Your Rights to Financial Privacy
The federal Gramm-Leach-Bliley Act of 1999 created a new opportunity for you to limit the transfer of your personal financial information. The law attempts to balance your right to privacy with financial institutions' need to share information for normal business purposes. Some consumers don't object to information sharing-they want their names on mailing and telephone lists so they can easily find out about new products and services. But other consumers want fewer solicitations and more privacy. If you're in the latter category, you have some important new responsibilities if you want to take advantage of your new rights.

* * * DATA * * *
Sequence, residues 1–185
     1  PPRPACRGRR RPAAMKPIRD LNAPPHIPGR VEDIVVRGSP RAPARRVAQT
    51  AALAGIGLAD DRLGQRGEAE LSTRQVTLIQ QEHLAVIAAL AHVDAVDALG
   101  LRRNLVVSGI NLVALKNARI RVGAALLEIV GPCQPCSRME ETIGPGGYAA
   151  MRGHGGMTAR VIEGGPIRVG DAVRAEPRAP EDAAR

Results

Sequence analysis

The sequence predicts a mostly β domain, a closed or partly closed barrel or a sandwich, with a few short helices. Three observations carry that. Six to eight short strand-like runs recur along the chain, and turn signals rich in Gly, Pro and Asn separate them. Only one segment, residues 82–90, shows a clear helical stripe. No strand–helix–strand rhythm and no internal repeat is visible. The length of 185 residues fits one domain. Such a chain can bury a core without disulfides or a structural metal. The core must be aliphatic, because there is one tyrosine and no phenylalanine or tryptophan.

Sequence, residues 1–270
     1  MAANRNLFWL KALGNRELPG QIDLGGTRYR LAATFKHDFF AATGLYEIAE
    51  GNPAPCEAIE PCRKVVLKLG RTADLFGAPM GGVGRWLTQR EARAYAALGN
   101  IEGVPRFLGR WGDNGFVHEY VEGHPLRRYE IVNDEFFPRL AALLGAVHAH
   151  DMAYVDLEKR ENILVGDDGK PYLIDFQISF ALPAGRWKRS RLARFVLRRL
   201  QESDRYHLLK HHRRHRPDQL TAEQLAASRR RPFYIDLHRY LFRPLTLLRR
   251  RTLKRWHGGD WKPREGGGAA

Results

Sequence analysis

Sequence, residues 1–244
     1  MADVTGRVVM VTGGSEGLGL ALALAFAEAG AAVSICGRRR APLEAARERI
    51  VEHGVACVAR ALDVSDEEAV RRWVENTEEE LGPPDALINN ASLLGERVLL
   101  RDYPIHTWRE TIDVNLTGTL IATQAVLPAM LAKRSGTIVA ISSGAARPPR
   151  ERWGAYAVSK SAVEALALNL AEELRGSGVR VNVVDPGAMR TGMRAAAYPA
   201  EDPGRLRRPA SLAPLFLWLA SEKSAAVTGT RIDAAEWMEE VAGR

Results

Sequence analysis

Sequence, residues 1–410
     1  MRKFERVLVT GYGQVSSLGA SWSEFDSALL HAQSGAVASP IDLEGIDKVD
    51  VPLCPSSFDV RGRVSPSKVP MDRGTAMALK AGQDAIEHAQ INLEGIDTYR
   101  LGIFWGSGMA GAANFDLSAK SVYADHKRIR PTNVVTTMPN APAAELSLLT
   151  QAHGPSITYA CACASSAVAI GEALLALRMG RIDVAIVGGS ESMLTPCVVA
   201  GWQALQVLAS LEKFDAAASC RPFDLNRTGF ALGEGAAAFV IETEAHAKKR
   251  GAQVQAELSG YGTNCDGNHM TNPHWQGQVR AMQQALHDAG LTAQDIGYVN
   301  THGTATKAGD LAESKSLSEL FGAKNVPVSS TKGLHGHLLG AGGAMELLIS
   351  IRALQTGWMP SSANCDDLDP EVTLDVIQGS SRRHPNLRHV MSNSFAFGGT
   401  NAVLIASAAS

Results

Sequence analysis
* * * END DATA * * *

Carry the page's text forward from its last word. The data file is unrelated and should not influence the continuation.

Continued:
It's important that you read the mail you receive from your bank and other financial institutions. The law requires these companies to explain how they use and share your personal information. The law also allow you to stop or "opt out" of certain information sharing. "You need to be observant," says Ken Baebel, Assistant Director of the FDIC's Division of Compliance and Consumer Affairs. "You need to look for the privacy notices from your financial institutions, which may come as part of a monthly statement or as a separate mailing. You also need to understand whether an institution intends to share personal information with other companies and, if so, what you can do to prevent information sharing, if that's what you want. Otherwise, it will be up to the institution to decide who gets details about you and your finances." (https://www.fdic.gov/resources/consumers/consumer-assistance-topics/financial-privacy.html)